A change in curriculum structure:You may have read about the way we structured our Art Survey course last year in my post about the Identity Sketchbook Cover. After looking at the pros and cons of this intense structure (1 Element of Art each week), I wanted to develop a less intense path. While I felt like my students really got to know the Elements really well last year, I just felt that it was a lot of work for both me and my students (which isn't a bad thing, necessarily). I also really wanted some more major pieces of art along the way (especially for the All-City Art Show, which we need to have artwork for by January). So, instead, we structured the curriculum to focus on a few Elements at a time, with the same idea of using the sketchbook for notes and exercises, and then applying those together into a piece of artwork.
Our first Elements of Art were Line and Shape. Specifics that we focused on were: organic, geometric, line weight, and the differences between line and shape (of course). I found some really great projects on the interwebs, and then I modified them for our goals and expectations.
So here is the morph: I love the scratchboard lesson I posted a while ago (one stolen from a plan on the incredible art site- that lesson seems to no longer be there) using cut out images of people/heroes/etc, and then morphing the body and background into art nouveau or art deco styles.
I also ran into ZENTANGLES! These are pretty awesome and along the same line (no pun intended).
Then... they had a baby... and WA-LA!
The best of both worlds... PLUS a fun little reading to help teach our students the annotation expectations... BINGO BANGO! I'm a genius! (A thief, but also a genius!)
Line and Shape: Bad Hair Day
Again, Matt and I ended up in slightly different directions by the end of this piece, which was really exciting, actually!
Before working on this project, I gave the students a short little article about Bad Hair Days and how it affects us (even celebrities!). We went through the annotation expectations (our school wide initiative in regards to literacy) and then there were a few questions that the students had to answer on their own (and then share!). What was fun about this, besides getting to know my students a little better, was that it was a great way to segue into the project. "So, why do you think we are reading about Bad Hair Days?"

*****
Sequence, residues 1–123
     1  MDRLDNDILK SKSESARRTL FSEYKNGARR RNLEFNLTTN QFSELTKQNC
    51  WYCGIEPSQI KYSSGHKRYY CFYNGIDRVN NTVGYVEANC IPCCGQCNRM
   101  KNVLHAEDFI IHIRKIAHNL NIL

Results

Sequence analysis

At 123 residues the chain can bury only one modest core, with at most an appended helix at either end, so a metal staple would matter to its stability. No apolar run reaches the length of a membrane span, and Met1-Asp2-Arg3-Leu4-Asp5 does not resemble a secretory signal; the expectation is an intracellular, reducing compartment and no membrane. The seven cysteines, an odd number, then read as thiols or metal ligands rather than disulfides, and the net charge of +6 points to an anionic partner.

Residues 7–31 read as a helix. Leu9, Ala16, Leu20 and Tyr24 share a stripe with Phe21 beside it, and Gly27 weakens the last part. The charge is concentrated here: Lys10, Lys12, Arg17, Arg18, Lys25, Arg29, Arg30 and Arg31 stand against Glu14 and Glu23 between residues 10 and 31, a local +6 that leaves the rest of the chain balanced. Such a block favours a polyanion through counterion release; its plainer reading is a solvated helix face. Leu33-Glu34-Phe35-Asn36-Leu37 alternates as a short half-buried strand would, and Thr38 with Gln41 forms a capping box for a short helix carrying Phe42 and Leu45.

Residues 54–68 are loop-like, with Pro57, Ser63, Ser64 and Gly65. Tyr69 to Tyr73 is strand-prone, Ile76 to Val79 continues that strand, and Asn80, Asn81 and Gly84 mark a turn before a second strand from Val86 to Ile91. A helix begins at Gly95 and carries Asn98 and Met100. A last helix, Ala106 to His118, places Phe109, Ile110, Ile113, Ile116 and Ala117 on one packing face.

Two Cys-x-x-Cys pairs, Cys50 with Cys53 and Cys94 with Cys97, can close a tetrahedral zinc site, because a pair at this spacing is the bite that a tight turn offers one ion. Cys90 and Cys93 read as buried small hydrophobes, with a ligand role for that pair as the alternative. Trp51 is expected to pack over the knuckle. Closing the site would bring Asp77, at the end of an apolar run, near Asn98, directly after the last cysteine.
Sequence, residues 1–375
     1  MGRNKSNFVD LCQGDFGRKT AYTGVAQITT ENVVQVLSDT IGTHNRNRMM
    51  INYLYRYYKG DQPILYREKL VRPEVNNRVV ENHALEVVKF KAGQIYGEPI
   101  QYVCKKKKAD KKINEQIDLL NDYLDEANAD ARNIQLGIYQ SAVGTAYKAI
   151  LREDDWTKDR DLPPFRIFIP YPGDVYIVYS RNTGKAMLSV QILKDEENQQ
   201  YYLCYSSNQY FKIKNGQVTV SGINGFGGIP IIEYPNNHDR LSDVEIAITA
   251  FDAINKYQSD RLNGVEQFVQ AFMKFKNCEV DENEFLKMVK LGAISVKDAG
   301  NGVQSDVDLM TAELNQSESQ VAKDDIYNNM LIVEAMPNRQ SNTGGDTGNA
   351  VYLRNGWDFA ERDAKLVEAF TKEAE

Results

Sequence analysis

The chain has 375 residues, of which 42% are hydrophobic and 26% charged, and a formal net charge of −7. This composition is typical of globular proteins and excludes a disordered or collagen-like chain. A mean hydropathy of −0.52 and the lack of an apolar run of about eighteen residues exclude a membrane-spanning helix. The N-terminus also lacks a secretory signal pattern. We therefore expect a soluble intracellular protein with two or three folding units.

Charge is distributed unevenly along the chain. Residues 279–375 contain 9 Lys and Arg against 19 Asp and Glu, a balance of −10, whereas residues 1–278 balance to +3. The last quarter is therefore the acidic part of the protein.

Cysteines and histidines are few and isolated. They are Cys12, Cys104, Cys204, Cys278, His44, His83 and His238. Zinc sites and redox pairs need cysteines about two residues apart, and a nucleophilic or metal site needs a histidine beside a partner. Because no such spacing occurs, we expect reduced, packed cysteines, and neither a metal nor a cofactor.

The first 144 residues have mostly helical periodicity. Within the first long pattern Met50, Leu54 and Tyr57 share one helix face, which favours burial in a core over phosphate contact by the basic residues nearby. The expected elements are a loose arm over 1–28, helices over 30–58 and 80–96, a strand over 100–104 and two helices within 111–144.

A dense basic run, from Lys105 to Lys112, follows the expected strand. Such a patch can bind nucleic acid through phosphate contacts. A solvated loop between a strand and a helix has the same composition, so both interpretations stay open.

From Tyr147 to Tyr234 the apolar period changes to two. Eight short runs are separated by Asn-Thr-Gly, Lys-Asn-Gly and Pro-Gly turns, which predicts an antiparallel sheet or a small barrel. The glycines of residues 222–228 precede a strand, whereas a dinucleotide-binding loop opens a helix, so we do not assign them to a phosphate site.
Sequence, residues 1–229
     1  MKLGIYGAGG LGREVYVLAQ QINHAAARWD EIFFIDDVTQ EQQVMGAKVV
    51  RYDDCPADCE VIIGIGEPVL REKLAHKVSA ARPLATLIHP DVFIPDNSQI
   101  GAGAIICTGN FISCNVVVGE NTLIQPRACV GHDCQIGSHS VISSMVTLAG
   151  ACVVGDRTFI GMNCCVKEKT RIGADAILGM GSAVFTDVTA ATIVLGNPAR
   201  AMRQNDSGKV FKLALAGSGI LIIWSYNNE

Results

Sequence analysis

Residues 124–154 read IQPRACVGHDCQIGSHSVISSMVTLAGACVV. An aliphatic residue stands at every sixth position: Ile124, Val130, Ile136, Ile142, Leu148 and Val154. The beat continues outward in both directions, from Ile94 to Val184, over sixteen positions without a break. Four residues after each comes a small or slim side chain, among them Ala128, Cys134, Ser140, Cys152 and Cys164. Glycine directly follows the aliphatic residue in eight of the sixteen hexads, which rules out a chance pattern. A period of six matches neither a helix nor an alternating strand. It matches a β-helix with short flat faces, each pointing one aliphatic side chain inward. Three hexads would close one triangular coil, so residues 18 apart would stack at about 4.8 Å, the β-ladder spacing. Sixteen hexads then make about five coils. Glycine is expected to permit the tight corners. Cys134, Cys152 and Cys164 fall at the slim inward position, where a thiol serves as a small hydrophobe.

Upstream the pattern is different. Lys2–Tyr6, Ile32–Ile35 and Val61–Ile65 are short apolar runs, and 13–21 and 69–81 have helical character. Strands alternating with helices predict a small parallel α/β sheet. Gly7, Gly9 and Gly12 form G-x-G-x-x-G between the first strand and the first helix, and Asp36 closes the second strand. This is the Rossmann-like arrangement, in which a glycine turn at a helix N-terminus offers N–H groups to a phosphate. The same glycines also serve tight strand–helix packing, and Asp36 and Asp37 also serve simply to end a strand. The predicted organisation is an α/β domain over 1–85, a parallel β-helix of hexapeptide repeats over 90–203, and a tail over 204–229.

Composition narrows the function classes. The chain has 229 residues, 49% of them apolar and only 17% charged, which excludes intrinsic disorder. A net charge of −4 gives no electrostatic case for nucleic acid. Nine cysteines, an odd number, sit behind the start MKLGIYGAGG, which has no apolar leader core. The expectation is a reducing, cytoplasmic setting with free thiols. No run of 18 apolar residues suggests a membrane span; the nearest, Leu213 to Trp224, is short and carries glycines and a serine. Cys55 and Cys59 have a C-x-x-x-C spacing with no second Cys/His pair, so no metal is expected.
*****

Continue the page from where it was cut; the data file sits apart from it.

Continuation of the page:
1. Find a good quality image of your hero or someone you look up to. (This project was done on 12" x 18" paper, so really the kids stuck to portraits and not so much full body.)
2. In sketchbook, students created 3 thumbnail sketches of the composition and type of hair style. In my case, the students could create EITHER a geometric hair style OR an organic hair style. Discussion on Compositional Techniques. Students had to have the thumbnails approved by me and I signed my initials by the one design they liked the best and were going to move forward with. Then I gave them a sheet of paper (or allowed them to take one from the table).
3. Precisely cut out the person using scissors with EXCELLENT CRAFTSMANSHIP (showed the students how to use scissors... sounds weird, but it's something you just have to do), EXCLUDING the person's hair. This can be tricky depending on the photo- sometimes the hair is draping across shoulders or what not. Also, 'tis the time to really talk about what craftsmanship means.
4. Glue the portrait to the paper using EXCELLENT craftsmanship.
5. Draw the outline of the hair using pencil.
6. Break up the INSIDE of the hairstyle into corresponding shapes using pencil. For example, if the hairdo is geometric, then the shapes inside need to be geometric (best way to easily determine if students understand the difference between geometric and organic).
7. Students trade in ID for a fine sharpie. They will use a thick line weight to outline the hairdo, and a medium line weight to outline the shapes inside.
8. Students trade in ID for an ultra fine sharpie and may then begin line designs inside the shapes- though the lines also need to be corresponding with geometric or organic. They can use different line weights if they want, but should use the ultra fine sharpie OR a pen works great, too!
9. The background should be broken into the OPPOSITE shapes (if hair is geometric, the background should be organic). Using medium line weight, outline in sharpie. (The only outline that is a thick line weight is the outline of the hair.
10. The background shapes should be filled in with corresponding lines types using a light line weight in ultra fine sharpie or pen.
If students had more time or wanted to embellish when finished, I suggested to them to use colors either in the background OR the hair. Often, it was easy to suggest unifying the hair to the portrait by using a color that was in the portrait. For example, if the portrait had a red shirt on, then maybe using red or warm colors in the hair will tie the piece together and draw emphasis to the portrait.
I also had the students write a short essay (based on prompts) about why they chose their particular hero and how a bad hair day would affect their hero.
*Please note: I didn't have time to crop and size all images properly. Forgive me? I think you get the idea...
Matt's students had the option of creating a background with the contrasting line designs, OR cutting out their portrait and hair and pasting it onto a contrasting background all together. I love the variation between ours and just gives us more ideas or options for future modification (time, skill levels, etc). Here are some examples of what his students did...